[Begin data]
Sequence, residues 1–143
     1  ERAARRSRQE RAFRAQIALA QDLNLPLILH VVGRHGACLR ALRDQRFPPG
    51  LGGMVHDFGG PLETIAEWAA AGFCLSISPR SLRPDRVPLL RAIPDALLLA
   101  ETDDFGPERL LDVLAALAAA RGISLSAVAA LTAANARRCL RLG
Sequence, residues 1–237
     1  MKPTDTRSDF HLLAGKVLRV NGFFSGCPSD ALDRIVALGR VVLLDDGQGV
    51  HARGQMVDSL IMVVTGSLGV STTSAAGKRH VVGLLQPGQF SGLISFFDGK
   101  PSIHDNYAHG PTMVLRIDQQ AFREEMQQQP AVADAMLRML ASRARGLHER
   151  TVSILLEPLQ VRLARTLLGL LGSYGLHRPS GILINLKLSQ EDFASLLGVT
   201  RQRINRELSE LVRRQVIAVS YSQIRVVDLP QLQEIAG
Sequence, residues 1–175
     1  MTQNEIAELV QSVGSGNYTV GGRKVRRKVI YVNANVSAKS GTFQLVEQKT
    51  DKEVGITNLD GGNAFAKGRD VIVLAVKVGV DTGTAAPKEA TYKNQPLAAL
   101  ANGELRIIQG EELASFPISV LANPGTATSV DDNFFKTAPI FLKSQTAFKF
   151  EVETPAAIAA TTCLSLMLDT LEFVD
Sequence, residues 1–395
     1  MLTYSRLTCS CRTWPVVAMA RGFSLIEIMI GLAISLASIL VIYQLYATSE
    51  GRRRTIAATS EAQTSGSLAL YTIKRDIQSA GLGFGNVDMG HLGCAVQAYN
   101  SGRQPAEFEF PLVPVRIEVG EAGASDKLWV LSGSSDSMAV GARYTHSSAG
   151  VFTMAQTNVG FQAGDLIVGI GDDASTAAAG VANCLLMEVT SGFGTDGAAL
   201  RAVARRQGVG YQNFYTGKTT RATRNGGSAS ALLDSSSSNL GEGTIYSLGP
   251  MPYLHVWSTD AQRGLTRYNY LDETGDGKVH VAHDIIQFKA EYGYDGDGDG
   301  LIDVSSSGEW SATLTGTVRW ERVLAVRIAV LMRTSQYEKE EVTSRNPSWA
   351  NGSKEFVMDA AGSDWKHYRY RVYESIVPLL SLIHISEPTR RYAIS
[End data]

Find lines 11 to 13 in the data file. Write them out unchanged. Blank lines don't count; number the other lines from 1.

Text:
Sequence, residues 1–175
     1  MTQNEIAELV QSVGSGNYTV GGRKVRRKVI YVNANVSAKS GTFQLVEQKT
    51  DKEVGITNLD GGNAFAKGRD VIVLAVKVGV DTGTAAPKEA TYKNQPLAAL